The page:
Sooner or later, ocean appears. Then, you just decide whether to turn left or right.

Before long, we arrived at this archaeological site, Nakabaru Ruins.



Taking photos of ancient dwelling, Nakabaru Ruins


Sneaking shots of the other Mick was easy because, he got involved, taking pictures.

Those straw-roofed shacks were where families lived, years ago before electricity came along.

Can you imagine, how kids would whine, these days if, they had to live like that ?

However, you couldn't yell, "Go to your room" like people do nowadays, either.

Well, I thought about it for a minute. Now, I know why men, were the hunters and fishermen !


Woman driving farm tractor, GIF


My friend, Mick only gets to visit Okinawa for a few weeks, every few years.

So, I thought it would be nice, to give him a few photos of his travels, for when he gets home.

I really hope his wife, doesn't think he's, chasing after that young farm gal on the tractor.

I bet if we held our fingers up, we're all about the same age. Hah !




Time to Do Some Hill Climbing Again



It was an iffy sort of day; overcast with a few sprinkles of rain but, I had to show Mick.

There are places in the Ryukyu islands, that many people, never heard of or, have seen.

Directly across the road from Ikei Beach, is the island's Gusuku (castle) Ruins.

Fortunately, the wife presented me, with some brand new flip-flops, that morning.



Without that handrail, the muddy trail, could send you down to the ocean.

The other Mick, had shoes for traction. My shima zori (flip-flops) were a bit slippery.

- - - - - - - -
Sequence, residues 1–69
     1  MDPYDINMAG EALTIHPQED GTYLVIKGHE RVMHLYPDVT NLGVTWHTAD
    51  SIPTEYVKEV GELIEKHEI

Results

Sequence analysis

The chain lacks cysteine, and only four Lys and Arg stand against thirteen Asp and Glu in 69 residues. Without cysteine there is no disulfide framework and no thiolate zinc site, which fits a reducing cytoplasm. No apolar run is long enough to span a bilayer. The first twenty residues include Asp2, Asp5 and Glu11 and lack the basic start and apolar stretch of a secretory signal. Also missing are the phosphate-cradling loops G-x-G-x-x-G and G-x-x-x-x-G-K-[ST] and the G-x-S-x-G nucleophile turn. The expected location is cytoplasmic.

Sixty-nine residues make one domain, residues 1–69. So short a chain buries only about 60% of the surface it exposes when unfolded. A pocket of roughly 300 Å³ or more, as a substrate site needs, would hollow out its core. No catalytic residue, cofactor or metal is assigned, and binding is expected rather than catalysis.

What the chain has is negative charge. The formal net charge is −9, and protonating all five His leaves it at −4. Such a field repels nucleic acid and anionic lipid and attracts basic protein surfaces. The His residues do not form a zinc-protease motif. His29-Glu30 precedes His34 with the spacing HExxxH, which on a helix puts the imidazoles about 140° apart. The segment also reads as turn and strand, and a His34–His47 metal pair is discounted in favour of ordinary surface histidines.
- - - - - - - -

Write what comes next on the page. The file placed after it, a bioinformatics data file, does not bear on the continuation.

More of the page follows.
We went huffing and puffing, all the way to the top. But, I didn't take any photos from there.

The skyline, wasn't right and, I don't bother photographing stuff, I don't want to keep.


Utaki, a sacred site for worship

There's an interesting utaki (sacred site) near the top of the castle ruins.

It's a place where, the high priestess would have prayed, back in the Ryukyu Kingdom days.

If, you see see signs of burnt incense and coins, somebody has been there, praying.



At the Top of This Gusuku



Looking around, the sky wasn't favorable for photography, at this time.  Oh well.

Japanese sign mentions sperm and egg


There must be, something interesting to take a photo of, after all that climbing.

Using the iPhone, I got the Google Translate camera turned on, for this sign.

A little trick, I use: Email the translation to yourself, for further reference.

After a bit of tweaking and verification, it says, something like this:

"It is a holy place. Here is the god and goddess where the owner was made a saint.

 Gods will receive sperm and eggs from the Lord and will be given a gift that

matches the spirit of that man and woman."

CORRECTION: Above image was taken at another location. My apologies.

On the northern end of Ikei Island there is a lighthouse. This site is in the same area.

As you near the lighthouse, checkout the small trail, going right.

A bronzed statue and this Japanese sign are along the cliffs there.



Whoa.  Today is St. Patrick's Day !


The little bit of Mick, in me, says it's time to get out of this office and, put on the tux.

Maybe, I'll be back again Sunday.